If you’re a small business owner, your income depends on your invoices being paid. Unfortunately, mistakes made during the invoicing process can cause payment to be delayed or even damage your relationship with your customer. To avoid mishaps and ensure you get paid on time, avoiding making these common invoice mistakes.
- Not including basic payment information. If you don’t tell a customer how to pay you, they won’t have any idea. “Make check payable to…” are four magic words that can make all the difference. It’s critical to include what types of payment you accept (such as check, PayPal, credit card) on the invoice with the necessary information such as where to mail a check, your PayPal email address, etc.
- Not keeping records. Record keeping can be difficult, especially for creative types. However, not only does poor record keeping affect your bottom line it can also get you into hot water with the IRS at tax time. Websites such as www.aynax.com make it easy to manage invoices – for free! So there’s no excuse for not keeping track of your invoices.
- Surprising your client. Sometimes things happen and projects end up costing more than your original quote to your customer. Don’t let your invoice be the first time your customer hears about it. That’s a great way to anger and lose that customer. Instead, contact the customer via phone or email so there are no ugly surprises on the invoice.
- Neglecting to follow up. Maybe your customer honestly forget to pay you or misplaced the invoice. Maybe they just don’t want to pay. Either way, following up on unpaid invoices is extremely important. Not doing so implies getting paid just isn’t important to you, and that’s certainly not the impression you want to give. If unpaid invoices are an ongoing problem, you may want to consider posting a late fee policy on your invoices.
- Waiting to send the invoice. If you don’t send the invoice, you won’t get paid. Waiting to send your invoice, much like not following up, tells your customer it doesn’t really matter when you get paid. If you take forever to send your invoice, your customer will probably take forever to pay it.
Many of the above problems can be eliminated by using invoicing software that provides templates, an invoice management system and online payment capabilities. This makes your life a lot easier and helps you get paid on time.
All of these programs require the IRS to perform a detailed analysis of the taxpayers financial situation. In order for this analysis to be completed, self-employed individuals will be required to provide the IRS with a Profit and Loss Statement. A Profit and Loss Statement is simply a document that lists all of the business income and business expenses over a specific period of time.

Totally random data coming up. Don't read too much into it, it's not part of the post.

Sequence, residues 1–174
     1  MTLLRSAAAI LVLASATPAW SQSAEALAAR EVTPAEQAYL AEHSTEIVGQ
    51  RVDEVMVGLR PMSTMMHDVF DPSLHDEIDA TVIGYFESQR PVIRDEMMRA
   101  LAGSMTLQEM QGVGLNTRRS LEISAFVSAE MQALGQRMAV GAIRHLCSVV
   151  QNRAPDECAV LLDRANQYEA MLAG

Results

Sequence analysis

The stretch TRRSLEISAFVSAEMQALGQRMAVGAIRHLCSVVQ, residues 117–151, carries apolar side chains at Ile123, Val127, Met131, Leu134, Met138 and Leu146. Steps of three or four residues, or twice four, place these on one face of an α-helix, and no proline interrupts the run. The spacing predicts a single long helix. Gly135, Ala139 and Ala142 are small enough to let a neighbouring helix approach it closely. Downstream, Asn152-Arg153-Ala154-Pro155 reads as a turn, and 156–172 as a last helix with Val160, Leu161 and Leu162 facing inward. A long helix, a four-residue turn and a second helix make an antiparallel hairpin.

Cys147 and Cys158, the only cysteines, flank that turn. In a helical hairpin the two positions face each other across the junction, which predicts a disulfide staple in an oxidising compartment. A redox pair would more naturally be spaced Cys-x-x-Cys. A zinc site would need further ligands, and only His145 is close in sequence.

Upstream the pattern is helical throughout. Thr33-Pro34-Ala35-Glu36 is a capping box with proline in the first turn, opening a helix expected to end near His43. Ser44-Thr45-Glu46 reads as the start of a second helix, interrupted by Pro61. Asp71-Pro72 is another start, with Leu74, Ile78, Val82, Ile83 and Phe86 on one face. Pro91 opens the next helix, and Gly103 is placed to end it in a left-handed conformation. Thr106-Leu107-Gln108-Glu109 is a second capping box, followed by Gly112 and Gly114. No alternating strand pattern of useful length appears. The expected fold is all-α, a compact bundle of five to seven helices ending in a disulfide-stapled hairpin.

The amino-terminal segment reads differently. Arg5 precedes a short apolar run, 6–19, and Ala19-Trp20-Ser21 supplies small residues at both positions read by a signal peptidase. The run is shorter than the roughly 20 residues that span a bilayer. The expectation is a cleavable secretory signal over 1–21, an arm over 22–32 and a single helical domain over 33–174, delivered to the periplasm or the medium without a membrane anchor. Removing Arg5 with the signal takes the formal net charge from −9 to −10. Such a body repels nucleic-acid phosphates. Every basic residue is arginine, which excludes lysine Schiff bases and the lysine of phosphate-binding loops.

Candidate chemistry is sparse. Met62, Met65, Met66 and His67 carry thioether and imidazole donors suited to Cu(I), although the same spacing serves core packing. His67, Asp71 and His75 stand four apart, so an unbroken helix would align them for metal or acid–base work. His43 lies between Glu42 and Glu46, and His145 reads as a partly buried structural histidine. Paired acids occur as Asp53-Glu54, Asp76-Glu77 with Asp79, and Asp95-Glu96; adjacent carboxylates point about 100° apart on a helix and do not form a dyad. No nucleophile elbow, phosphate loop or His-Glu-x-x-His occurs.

If the collection investigation is occurring during or shortly after April 15th, the IRS may be able to complete its analysis using the Schedule C from the taxpayers federal tax return. However, if the return is not available, or is outdated, the taxpayer may need to provide a separate Profit and Loss Statement. For some taxpayers, this can be a very challenging task. However, following a few simple rules can greatly assist you in this task.
Be accurate. You are required to provide complete and accurate information to the IRS. Therefore, you must take the time to make certain your Profit and Loss Statement is accurate. One way to do this is to use your monthly bank statements to create your Profit and Loss Statement. If you do not have all of the necessary statements in your records, ask your bank to provide them.
Be complete. Make sure you have accounted for all of your income and expenses on the Profit and Loss Statement. Taxpayers often make the mistake of leaving out basic business expenses. For example, a truck driver may forget to write down their fuel expense. Make certain you check your statement over twice to verify you have not forgotten any expenses.
Only list business expenses. Your Profit and Loss Statement should only list the expenses necessary to operate your business. You should not list your personal household expenses such as your home mortgage payment, personal insurance or none-business transportation expenses. The IRS will review the personal portion of your financial situation separately.
Consider getting professional help. Resolving your IRS collection matter can be extremely complicated and involved. Consider seeking assistance from a tax professional to help you prepare your financial information for submittal to the IRS and to negotiate a resolution of your IRS collection matter.
For your reference. Please find sample profit and loss statements below. One version is a profit and loss statement for rental income. The other version is a profit and loss statement for business income. The profit and loss statements are in PDF format. They are for your reference only. Please use them as guides as you prepare your own profit and loss statement for determining your rental and / or business income.